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GWAS Antipsychotic Response

Douglas M Ruderfer, Alexander W Charney, Ben Readhead, Brian A Kidd, Anna K Kähler, Paul J Kenny, Michael J Keiser, Jennifer L Moran, Christina M Hultman, Stuart A Scott, Patrick F Sullivan, Shaun M Purcell, Joel T Dudley, Pamela Sklar
BACKGROUND: Therapeutic treatments for schizophrenia do not alleviate symptoms for all patients and efficacy is limited by common, often severe, side-effects. Genetic studies of disease can identify novel drug targets, and drugs for which the mechanism has direct genetic support have increased likelihood of clinical success. Large-scale genetic studies of schizophrenia have increased the number of genes and gene sets associated with risk. We aimed to examine the overlap between schizophrenia risk loci and gene targets of a comprehensive set of medications to potentially inform and improve treatment of schizophrenia...
April 2016: Lancet Psychiatry
E Sacchetti, C Magri, A Minelli, P Valsecchi, M Traversa, S Calza, A Vita, M Gennarelli
The search for biomarkers of response to antipsychotic medications is hindered by difficulties inherent in the topic or related to persistent methodological difficulties, such as high rates of anticipated discontinuation and consequent distortions in the imputation of missing data. Because early response to antipsychotics represents a sufficiently reliable index of the subsequent treatment response in patients with schizophrenia, we undertook a real-world, genome-wide association study (GWAS) with the aim of identifying genetic predictors of response to risperidone after 2 weeks in 86 patients with schizophrenia...
February 9, 2016: Pharmacogenomics Journal
Jian-Ping Zhang, Delbert G Robinson, Juan A Gallego, Majnu John, Jin Yu, Jean Addington, Mauricio Tohen, John M Kane, Anil K Malhotra, Todd Lencz
Findings from the Psychiatric Genomics Consortium genome-wide association study (GWAS) showed that variation at the DRD2 locus is associated with schizophrenia risk. However, the functional significance of rs2514218, the top DRD2 single nucleotide polymorphism in the GWAS, is unknown. Dopamine D2 receptor binding is a common mechanism of action for all antipsychotic drugs, and DRD2 variants were related to antipsychotic response in previous studies. The present study examined whether rs2514218 genotype could predict antipsychotic response, including efficacy and adverse events, in a cohort of patients with first episode of psychosis treated with either risperidone or aripiprazole for 12 weeks...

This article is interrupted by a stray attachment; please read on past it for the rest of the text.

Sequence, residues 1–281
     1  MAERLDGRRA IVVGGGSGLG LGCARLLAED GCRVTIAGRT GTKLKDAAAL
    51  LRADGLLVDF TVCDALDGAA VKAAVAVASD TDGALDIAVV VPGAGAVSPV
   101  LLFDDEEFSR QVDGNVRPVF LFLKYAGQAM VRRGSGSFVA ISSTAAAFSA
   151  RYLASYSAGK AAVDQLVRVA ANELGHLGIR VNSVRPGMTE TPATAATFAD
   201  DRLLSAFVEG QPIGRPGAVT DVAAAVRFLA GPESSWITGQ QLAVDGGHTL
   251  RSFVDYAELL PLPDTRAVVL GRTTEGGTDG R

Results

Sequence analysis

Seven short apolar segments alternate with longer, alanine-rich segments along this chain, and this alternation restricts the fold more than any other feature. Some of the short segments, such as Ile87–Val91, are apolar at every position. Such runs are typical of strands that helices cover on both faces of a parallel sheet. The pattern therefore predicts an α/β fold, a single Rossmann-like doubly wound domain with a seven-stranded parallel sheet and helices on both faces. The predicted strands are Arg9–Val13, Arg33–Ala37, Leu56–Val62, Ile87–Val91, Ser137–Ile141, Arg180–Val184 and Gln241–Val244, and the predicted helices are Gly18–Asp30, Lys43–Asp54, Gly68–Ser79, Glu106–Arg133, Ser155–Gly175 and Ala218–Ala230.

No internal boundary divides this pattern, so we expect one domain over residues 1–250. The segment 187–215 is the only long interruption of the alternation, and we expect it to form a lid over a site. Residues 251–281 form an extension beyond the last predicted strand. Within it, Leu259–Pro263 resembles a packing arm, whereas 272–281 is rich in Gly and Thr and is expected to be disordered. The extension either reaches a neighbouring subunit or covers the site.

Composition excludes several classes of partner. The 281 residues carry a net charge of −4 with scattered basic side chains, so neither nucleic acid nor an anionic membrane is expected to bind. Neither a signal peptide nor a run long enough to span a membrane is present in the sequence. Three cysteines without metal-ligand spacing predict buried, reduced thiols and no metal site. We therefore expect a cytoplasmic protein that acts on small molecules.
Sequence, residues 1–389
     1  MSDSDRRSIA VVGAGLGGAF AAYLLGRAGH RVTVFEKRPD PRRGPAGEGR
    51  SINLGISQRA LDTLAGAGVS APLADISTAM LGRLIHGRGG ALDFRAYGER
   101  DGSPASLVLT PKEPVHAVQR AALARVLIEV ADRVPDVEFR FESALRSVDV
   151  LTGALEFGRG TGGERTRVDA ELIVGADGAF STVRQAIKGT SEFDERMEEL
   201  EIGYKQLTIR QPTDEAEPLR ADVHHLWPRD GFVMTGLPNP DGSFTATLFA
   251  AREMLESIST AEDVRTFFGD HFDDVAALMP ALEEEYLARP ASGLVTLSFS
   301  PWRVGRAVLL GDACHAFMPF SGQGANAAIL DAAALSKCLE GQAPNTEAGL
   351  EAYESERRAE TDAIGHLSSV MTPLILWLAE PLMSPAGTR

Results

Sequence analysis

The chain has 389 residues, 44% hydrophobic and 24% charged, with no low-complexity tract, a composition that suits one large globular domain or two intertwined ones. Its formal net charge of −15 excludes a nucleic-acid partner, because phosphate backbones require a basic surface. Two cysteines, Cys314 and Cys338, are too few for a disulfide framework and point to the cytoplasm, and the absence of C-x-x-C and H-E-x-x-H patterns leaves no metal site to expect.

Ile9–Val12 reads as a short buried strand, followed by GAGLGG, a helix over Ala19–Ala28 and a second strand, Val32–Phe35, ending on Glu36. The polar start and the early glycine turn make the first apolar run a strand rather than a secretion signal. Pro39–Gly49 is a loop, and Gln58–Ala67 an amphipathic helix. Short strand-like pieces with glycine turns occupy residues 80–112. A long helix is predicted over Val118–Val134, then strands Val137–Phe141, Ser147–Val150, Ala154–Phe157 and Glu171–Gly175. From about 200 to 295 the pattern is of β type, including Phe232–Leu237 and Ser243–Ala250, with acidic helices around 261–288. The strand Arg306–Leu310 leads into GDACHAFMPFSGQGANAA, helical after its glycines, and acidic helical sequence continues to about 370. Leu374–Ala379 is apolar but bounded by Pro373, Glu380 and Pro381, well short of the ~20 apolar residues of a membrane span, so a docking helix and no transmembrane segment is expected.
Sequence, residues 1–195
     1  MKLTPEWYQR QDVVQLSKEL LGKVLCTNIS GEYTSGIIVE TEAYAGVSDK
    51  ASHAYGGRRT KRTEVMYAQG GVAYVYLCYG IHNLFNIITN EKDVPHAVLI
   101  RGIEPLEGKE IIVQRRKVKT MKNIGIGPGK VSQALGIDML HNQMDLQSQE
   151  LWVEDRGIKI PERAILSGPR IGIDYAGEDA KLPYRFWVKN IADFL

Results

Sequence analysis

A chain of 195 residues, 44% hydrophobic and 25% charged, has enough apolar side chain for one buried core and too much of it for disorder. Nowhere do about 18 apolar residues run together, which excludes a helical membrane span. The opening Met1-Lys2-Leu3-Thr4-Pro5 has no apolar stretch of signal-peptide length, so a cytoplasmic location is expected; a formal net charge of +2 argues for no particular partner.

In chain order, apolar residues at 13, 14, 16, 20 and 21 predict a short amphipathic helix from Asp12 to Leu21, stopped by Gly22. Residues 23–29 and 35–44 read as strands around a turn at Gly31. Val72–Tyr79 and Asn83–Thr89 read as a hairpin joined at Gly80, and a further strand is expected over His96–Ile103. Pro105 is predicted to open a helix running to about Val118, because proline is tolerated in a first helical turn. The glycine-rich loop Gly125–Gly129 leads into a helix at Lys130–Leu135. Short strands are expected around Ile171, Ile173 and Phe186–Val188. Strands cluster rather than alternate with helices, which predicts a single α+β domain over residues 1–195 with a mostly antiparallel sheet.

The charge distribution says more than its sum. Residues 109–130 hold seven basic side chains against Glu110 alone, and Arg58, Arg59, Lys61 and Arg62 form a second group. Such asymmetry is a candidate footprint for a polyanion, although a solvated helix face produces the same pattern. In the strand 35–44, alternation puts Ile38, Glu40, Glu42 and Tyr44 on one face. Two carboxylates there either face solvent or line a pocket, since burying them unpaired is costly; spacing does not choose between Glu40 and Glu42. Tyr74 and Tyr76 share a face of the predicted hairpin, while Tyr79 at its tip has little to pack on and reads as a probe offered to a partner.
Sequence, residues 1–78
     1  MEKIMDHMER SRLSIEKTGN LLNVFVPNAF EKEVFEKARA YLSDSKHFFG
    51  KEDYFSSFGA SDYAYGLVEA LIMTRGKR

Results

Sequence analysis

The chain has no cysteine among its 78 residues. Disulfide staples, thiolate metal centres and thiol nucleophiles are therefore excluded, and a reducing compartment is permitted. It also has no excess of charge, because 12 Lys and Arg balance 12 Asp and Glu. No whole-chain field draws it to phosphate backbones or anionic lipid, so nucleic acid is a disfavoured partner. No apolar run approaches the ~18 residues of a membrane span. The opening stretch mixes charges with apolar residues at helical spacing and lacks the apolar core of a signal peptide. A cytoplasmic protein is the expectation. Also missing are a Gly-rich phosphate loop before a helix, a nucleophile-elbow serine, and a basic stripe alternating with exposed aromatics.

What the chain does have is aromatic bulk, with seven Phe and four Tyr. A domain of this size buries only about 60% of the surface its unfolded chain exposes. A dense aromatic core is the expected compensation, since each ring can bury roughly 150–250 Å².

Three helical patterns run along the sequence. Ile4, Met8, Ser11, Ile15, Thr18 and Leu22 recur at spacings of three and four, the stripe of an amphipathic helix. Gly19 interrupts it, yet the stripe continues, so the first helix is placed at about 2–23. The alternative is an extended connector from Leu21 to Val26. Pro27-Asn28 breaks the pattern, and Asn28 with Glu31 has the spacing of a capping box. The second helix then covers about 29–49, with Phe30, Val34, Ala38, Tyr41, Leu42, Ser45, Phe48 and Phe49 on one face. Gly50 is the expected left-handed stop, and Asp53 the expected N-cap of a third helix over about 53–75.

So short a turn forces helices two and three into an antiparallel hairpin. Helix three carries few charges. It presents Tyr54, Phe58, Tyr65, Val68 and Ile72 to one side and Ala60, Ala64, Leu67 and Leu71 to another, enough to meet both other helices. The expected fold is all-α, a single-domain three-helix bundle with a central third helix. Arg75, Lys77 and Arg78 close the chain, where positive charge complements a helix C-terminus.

November 2015: Schizophrenia Bulletin
Eleanor Murphy, Francis J McMahon
An increasing focus on personalized medicine is driving a renewed effort to understand the impact of ethnic and genetic background on treatment outcomes. Since responses to psychopharmacological treatments continue to be sub-optimal, there is a pressing need to identify markers of tolerability and efficacy. Pharmacogenomic studies aim to find such markers within the human genome, and have made some progress in recent years. Progress has been slower in populations with diverse racial and ethnic backgrounds. Here we review 10 genome-wide association studies (GWAS) that assessed outcomes after antidepressant, antipsychotic, or mood stabilizer treatment...
September 2013: Discovery Medicine
Janusz K Rybakowski
Mood stabilizers form a cornerstone in the long-term treatment of bipolar disorder. The first representative of their family was lithium, still considered a prototype drug for the prevention of manic and depressive recurrences in bipolar disorder. Along with carbamazepine and valproates, lithium belongs to the first generation of mood stabilizers, which appeared in psychiatric treatment in the 1960s. Atypical antipsychotics with mood-stabilizing properties and lamotrigine, which were introduced in the mid-1990 s, form the second generation of such drugs...
March 2013: CNS Drugs